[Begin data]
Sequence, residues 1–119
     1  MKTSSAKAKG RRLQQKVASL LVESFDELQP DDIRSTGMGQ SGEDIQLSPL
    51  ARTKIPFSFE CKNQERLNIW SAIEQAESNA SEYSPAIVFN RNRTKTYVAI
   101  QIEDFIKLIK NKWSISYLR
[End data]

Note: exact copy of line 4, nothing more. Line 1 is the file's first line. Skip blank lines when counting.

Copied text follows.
   101  QIEDFIKLIK NKWSISYLR